There is an amusing mismatch between the perceptions that many people have of life in an ecovillage and the actual day-to-day reality. This is reflected in the kinds of questions that communards tend to get asked when out in more mainstream society.
‘Don’t you mostly all sleep in dormitories (or yurts!)? I don’t think I could handle that.’
‘How do you manage with so little personal space?’
‘How much pocket-money are you given?’
And there are often questions that delicately and circuitously seek to gain insights into sexual life in communities – questions that often hint at fevered imaginings of what communal sexuality as a lifestyle might look like.
Sorry to disappoint. In many respects, Findhorn feels not so different from many other villages. There are some shared living spaces, but no-one lives in dormitories. Most people have a reasonable amount of private space and any shortage in this department is more than compensated for by an abundance of community spaces – theatre, craft workshops, community centre, saunas, hot tubs and so on.
Everyone earns salaries, many of which admittedly are not generous, but reflect what I suspect may be approximating long-term sustainable levels of purchasing power if we are to live within the planet’s means.
Most interesting of all (once again, sorry for the let-down), I am not sure I have ever lived in a place that is more sexually restrained. This, I think, is for two reasons. First, sexual energy is powerful and explosive, capable of generating both joy and suffering. In our conscious efforts to create a community of love and compassion, I suspect that most people here choose not to engage in casual sex at least in part out of a desire not to contribute to the suffering of others. They tend generally to leap after having had a long and considered look.
The second reason for restraint is altogether more down to earth. Relationship breakdown and its aftermath can be messy and painful, as former partners develop new liaisons while still living nearby and in view. This breeds caution.
However, whether their reasons are based in reality or not, it seems unlikely in the foreseeable future that most people will choose to live in ecovillages such as Findhorn. As a sustainability practitioner, this opens up the question for me as to how ecovillages can be of most service and relevance to the wider sustainability movement of which we form part. If, as seems likely, ecovillages will remain a minority, if not marginal, pursuit as a lifestyle choice, how are we to remain a vibrant resource to the growing surge of sustainability initiatives sweeping the country?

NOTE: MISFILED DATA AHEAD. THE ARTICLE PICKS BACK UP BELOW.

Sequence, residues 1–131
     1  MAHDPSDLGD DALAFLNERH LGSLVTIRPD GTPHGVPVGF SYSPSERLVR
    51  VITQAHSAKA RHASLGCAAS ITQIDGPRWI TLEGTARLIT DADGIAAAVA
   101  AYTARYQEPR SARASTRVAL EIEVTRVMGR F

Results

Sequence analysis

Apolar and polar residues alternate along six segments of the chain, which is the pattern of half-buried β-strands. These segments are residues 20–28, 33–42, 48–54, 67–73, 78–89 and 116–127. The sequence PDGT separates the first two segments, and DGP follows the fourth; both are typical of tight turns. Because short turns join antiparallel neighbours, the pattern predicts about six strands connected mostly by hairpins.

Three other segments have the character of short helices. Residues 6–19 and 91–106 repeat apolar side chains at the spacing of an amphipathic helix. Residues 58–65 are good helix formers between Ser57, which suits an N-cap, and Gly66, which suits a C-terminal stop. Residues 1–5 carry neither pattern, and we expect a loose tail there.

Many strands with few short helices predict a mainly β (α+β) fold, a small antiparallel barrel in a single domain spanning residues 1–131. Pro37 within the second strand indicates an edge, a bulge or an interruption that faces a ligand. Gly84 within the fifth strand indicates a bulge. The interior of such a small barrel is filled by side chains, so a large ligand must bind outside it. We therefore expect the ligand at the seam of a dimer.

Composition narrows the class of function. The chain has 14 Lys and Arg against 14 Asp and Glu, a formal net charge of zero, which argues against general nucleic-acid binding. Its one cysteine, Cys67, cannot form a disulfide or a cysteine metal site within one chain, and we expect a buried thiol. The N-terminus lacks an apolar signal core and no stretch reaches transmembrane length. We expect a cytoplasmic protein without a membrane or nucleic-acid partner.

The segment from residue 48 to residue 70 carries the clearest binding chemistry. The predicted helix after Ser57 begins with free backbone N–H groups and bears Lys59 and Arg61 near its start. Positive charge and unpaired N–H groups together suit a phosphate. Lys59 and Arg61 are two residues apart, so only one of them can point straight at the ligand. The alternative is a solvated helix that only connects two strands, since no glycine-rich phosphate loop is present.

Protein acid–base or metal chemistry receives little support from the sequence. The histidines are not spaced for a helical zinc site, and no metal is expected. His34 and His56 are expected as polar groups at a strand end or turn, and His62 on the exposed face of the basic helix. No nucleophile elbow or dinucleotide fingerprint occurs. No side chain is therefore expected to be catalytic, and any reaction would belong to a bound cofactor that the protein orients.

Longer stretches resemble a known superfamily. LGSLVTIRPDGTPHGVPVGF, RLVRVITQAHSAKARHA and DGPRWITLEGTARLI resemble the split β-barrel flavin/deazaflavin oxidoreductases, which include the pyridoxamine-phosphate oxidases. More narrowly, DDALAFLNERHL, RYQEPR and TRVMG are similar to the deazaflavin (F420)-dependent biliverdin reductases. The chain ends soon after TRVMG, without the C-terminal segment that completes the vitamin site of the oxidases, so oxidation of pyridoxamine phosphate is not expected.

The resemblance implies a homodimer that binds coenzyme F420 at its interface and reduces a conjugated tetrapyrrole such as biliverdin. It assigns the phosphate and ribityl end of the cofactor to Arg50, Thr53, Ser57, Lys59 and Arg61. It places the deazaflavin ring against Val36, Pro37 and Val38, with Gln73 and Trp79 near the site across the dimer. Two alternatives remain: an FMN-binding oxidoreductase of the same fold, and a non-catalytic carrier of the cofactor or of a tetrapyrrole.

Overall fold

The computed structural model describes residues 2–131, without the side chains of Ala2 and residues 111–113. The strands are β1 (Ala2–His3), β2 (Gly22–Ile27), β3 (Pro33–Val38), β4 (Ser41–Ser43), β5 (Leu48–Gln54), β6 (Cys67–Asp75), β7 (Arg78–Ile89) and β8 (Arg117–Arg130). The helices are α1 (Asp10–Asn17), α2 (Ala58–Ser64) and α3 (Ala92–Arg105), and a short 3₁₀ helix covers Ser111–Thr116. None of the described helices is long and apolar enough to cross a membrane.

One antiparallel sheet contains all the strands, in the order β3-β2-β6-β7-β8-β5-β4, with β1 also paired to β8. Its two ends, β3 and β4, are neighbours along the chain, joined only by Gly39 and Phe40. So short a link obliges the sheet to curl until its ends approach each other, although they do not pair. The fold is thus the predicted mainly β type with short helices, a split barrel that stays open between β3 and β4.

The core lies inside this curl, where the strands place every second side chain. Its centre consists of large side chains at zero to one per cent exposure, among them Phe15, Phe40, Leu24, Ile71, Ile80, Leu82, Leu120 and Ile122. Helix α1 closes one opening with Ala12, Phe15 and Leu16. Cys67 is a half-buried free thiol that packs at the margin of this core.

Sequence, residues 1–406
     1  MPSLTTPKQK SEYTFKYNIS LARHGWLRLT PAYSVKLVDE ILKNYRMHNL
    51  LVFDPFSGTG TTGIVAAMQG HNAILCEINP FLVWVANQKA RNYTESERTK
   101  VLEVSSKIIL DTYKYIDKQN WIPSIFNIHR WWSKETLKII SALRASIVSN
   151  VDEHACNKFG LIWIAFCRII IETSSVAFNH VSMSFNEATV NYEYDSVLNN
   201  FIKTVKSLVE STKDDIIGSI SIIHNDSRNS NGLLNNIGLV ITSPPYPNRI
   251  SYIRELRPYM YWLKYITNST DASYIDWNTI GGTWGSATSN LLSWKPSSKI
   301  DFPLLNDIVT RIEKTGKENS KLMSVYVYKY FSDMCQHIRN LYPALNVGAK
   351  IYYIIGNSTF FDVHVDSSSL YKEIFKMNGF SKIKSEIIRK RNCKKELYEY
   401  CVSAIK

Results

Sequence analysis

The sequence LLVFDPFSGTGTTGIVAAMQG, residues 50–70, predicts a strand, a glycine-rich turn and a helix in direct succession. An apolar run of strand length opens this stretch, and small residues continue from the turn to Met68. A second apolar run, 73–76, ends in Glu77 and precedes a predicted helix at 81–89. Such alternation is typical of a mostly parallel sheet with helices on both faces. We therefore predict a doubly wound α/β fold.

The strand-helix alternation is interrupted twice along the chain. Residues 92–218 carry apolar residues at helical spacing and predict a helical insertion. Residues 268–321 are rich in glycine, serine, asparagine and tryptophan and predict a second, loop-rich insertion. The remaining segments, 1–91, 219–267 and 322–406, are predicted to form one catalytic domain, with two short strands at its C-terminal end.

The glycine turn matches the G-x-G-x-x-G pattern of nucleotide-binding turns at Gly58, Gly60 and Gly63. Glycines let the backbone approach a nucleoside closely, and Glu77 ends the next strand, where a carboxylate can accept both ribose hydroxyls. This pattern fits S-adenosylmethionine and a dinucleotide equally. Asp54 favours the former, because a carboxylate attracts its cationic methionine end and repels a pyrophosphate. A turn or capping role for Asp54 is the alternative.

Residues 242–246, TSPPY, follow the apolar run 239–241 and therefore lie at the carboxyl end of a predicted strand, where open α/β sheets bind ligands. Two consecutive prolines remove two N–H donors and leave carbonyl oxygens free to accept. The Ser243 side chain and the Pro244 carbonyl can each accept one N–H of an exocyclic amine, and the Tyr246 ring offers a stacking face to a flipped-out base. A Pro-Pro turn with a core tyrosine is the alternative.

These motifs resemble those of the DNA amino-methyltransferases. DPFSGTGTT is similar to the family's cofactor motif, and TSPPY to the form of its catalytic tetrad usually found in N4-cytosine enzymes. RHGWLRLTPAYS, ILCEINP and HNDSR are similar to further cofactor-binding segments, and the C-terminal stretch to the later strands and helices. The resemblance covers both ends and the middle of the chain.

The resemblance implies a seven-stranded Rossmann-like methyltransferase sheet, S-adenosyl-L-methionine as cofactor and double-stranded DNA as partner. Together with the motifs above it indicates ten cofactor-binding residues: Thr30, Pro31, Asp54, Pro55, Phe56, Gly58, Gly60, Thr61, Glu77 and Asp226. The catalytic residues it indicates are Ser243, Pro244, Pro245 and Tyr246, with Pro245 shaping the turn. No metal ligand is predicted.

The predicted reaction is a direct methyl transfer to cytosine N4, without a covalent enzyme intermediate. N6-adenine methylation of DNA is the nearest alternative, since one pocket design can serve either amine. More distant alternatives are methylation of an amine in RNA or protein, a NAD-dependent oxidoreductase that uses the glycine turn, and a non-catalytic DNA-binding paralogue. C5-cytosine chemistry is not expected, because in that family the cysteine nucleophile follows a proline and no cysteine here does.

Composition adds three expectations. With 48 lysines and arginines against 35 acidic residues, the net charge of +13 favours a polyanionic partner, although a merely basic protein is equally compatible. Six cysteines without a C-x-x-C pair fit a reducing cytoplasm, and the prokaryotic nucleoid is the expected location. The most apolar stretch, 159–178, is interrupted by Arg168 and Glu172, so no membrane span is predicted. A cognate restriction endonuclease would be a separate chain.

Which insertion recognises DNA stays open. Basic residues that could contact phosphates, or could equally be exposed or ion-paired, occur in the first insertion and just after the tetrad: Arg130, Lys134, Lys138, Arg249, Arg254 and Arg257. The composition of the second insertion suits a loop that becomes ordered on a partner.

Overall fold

This last week, I went in pursuit of some answers to this question. A speaking engagement in Hereford and just two days later the Schumacher Society lectures in Bristol gave me a structure around which to plan a week of visits to sustainability initiatives involving government, business and civil society.
To explore the various themes that emerged during this last week deserves more space than I have here, so I will return to it in next week’s blog. However, I want leave you with an image that came to me during the week as I explored the astonishing wave of imagination and creativity that is building.
The image is of the waters of globalised economic activity dropping (in the face of steadily rising energy prices) to reveal initially isolated islands but eventually whole archipelagos of islands of sustainable models that currently lie just below the water-line. These are the community-owned agriculture and renewables schemes, the farmers’ markets, the alternative currency systems, the earth-based eco-education centres, the closed-loop waste-recycling businesses and so on that folk are currently working on up and down the country.
This is a time not for despondency about powerlessness in the face of the prevailing ugliness and waste – but for excitement at the shape of the new emerging from below the waves.